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Extracting and designing a cross-channel decision in Insurance – an example

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Some weeks back I wrote a series of posts on the role of Decision Management in Insurance. One post was called multi-channel distribution and customer communication and outlined how Decision Services that automate customer decisions improve customer treatment in a multi-channel world by improving their accuracy, timeliness and consistency.

The diagram at left shows how this looks – various channel-specific applications exist and support our business. We use Decision Discovery to identify the Decisions that support these applications – the questions to which they need answers in order to execute our processes. We then construct Decision Services using a mix of business rules and predictive analytics. These automated Decision Services can be used by any application that needs a decision made. Finally, because decisions are not static we implement an ongoing process of Decision Analysis to use data from our business systems to continually refine our decision making approach.

I got a comment on the post asking for a worked example to clarify it so here goes. Let’s take the underwriting decision – an important decision for both the company and the customer. I am not going to try and build a definition model of the underwriting decision but we could break out a number of element – sub decisions – that must be answered if we are to answer the question “How should we underwrite this decision?”:

  • risk characterisation (what are the risks to be covered?)
  • product availability (what products do we have which would cover the risks?)
  • product eligibility (what products is the customer eligible for?)
  • exclusions (what exclusions should be quoted?)
  • pricing (what premium should we charge for the policy?)
  • risk (can we accept the risk?)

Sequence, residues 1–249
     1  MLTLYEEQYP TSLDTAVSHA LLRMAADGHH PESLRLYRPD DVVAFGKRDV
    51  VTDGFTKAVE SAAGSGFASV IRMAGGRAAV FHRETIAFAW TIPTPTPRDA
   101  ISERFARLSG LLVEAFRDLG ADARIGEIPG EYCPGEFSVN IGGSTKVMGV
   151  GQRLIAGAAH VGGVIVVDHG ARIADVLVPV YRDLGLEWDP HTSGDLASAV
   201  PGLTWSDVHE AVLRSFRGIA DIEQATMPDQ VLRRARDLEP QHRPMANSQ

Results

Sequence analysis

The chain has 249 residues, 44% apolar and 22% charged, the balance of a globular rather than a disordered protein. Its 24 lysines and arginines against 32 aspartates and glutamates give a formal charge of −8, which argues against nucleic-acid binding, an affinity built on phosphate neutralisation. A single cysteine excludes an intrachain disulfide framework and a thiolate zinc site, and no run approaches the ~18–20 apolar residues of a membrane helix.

• referrals (should this application be reviewed by an underwriter?).

These are shown on the decision dependency diagram below.

This kind of diagram (based on work by Alan Fish and described on his blog) not only shows how the various sub-decisions relate, it also shows the various sources of information and know-how that are needed to make these decisions. Building out a dependency network like this is the first stage in designing a decision. The example is neither complete nor definitive, just an example (thanks to Alan for his input).

As we move into designing Decision Services we will clearly want to expose the main underwriting decision as a service. This service might only be used by a couple of systems – our call center application and the application we provide to our independent agents. When we look at the lower-level decisions, however, we might realize that it would be useful to potential customers to expose the product eligibility decision service through our website – it probably does not need as much applicant data as the underwriting decision and it might help customers find the right product quickly, even if we choose not to expose automated underwriting on the web. As we detailed out this design we could easily find other sub-decisions and decide that different systems or channels need access to some of them.

The final step will be to ensure that we improve underwriting over time. We will manage our policy rules using a business rules management system or BRMS to ensure we can change them rapidly and accurately when states change their regulations or when we launch new products. We will capture data about the prices offered and our acceptance rate at that price in various channels. We will track claims against these policies to see how accurately we assessed risk and so on. All this information will feed back into the decision analysis process to improve our decision making steadily and continuously.

Thanks again to Dana for the comment. Hopefully this made things clearer. Thanks also to Alan Fish for his help with the decomposition.

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